Democrats' Medicare buy-in could be a double-edged sword for hospitals and providers

Medicare written on paper with a stethoscope
Democratic lawmakers are taking another crack at a public option, this time in the form of a Medicare buy-in for employers and individuals on ACA exchanges. (Getty/Design491)

Democratic lawmakers are taking another crack at a public option, this time in the form of a Medicare buy-in for employers and individuals on the Affordable Care Act (ACA) exchanges.

While more coverage options might seem like a positive from a hospital and provider perspective, it could be a double-edge sword financially. 

The proposal, introduced by Sens. Chris Murphy, D-Conn., and Jeff Merkley, D-Ore., has little chance of going anywhere in the Republican-controlled Congress, but it's the latest nod to the minority party's stance on the issue. Last year, Democrats introduced a more pumped-up version of the bill that would establish a national health insurance program for all U.S. residents billed as "Medicare-for-all."

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The new bill "lets consumers and businesses decide whether they want to migrate to a Medicare plan or whether they want to stay on private insurance,” Murphy said in an announcement streamed on several platforms. Sens. Kamala Harris, D-Calif., and Cory Booker, D-N.J., also co-sponsored the bill. 

Medicare advocates praised the bill for expanding coverage and moving closer to a single-payer system, an approach lauded by some progressives. 

Nearly 60% of Americans favor a Medicare-for-all approach to coverage, according to a Kaiser Family Foundation poll that release results last month. That approach is even more favorable when framed as an option for anyone that wants it.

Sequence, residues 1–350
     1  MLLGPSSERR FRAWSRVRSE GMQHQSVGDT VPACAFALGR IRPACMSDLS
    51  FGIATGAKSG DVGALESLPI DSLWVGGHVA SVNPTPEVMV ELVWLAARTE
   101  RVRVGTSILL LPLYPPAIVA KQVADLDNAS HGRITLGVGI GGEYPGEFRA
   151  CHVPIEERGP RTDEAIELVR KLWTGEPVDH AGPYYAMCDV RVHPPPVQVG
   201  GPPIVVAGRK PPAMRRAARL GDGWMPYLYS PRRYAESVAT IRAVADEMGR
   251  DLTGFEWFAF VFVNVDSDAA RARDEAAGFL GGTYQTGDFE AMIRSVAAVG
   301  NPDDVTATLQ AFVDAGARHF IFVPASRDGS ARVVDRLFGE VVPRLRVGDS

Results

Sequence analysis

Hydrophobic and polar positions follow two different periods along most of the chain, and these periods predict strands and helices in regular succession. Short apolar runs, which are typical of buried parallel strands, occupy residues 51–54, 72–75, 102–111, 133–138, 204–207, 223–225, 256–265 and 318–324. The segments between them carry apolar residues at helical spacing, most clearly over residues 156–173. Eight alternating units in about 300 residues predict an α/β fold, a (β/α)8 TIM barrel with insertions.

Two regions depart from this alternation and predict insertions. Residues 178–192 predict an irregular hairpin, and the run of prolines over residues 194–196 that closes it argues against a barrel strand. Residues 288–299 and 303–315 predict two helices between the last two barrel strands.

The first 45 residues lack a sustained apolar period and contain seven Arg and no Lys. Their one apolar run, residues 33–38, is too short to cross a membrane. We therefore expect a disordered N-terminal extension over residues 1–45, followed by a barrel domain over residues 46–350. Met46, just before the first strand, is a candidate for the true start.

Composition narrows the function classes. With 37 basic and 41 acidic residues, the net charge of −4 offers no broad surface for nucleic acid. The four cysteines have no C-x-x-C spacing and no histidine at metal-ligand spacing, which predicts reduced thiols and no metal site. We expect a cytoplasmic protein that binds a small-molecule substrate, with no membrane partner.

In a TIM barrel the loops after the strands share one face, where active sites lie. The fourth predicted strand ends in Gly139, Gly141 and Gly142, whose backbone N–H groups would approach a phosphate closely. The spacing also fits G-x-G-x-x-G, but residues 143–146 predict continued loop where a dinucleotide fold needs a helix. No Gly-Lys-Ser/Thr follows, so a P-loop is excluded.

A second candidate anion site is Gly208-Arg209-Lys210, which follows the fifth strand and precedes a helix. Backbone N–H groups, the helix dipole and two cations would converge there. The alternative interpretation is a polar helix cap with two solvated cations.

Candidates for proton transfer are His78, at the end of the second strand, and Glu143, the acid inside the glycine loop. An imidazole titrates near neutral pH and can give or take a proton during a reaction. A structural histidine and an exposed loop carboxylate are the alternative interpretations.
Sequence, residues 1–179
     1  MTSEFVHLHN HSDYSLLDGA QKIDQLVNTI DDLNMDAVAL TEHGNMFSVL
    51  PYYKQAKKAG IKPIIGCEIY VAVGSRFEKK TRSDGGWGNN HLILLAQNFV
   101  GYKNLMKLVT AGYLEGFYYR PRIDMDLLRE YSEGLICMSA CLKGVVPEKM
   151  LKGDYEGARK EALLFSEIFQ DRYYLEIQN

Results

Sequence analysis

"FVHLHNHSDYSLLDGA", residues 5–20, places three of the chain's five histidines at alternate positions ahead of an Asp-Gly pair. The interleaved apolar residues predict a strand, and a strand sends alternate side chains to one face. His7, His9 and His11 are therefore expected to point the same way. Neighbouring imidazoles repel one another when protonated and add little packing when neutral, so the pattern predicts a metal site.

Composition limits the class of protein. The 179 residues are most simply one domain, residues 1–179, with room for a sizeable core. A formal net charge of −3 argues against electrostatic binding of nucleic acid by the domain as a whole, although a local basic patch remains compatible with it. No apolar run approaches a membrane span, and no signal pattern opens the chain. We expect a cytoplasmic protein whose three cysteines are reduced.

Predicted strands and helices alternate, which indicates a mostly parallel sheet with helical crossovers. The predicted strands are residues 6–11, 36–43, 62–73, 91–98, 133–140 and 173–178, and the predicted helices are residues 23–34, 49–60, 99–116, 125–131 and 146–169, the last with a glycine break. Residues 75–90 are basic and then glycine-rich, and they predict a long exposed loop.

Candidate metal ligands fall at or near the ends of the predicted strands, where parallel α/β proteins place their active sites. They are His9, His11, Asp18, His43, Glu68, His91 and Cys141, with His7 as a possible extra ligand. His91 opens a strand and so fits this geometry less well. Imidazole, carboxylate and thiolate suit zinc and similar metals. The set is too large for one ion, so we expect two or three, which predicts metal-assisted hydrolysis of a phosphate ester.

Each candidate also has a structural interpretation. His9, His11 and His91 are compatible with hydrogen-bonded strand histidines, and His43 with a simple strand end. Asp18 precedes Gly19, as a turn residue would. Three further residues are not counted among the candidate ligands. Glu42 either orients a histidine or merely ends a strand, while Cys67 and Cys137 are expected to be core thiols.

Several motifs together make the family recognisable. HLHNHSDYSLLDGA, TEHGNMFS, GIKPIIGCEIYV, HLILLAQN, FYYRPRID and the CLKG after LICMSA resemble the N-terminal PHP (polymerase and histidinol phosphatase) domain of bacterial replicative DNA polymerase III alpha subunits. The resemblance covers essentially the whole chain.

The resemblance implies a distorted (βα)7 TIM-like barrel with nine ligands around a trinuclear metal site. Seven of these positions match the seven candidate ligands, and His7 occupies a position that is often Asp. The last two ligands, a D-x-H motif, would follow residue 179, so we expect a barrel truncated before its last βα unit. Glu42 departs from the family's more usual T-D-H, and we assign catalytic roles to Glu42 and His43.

RELATED: Doctors favor single payer, despite likely income hit

"Not only would Medicare become an option for more people, the Act would also improve Medicare for those who currently qualify, with the introduction of an out-of-pocket cap in the traditional Medicare program," Judith A. Stein, executive director at the Center for Medicare Advocacy, told FierceHealthcare.

According to research by the Texas Medical Association, government payers pay less than private payers for the same procedures. This could put hospitals in an awkward position about whether to support these policies.

Additionally, the Medicare Payment Advisory Commission, the main payment advisers to Congress, have said that hospitals' aggregate Medicare margin in 2014 was -5.8%; actually costing the providers money. Medicaid payments are even lower. 

Hospitals have also claimed that Medicare payments are already too low, and could cause concerns if more people change from private plans to a Medicare-based plan. 

The American Hospital Association declined to comment to FierceHealthcare on its position regarding the bill.   

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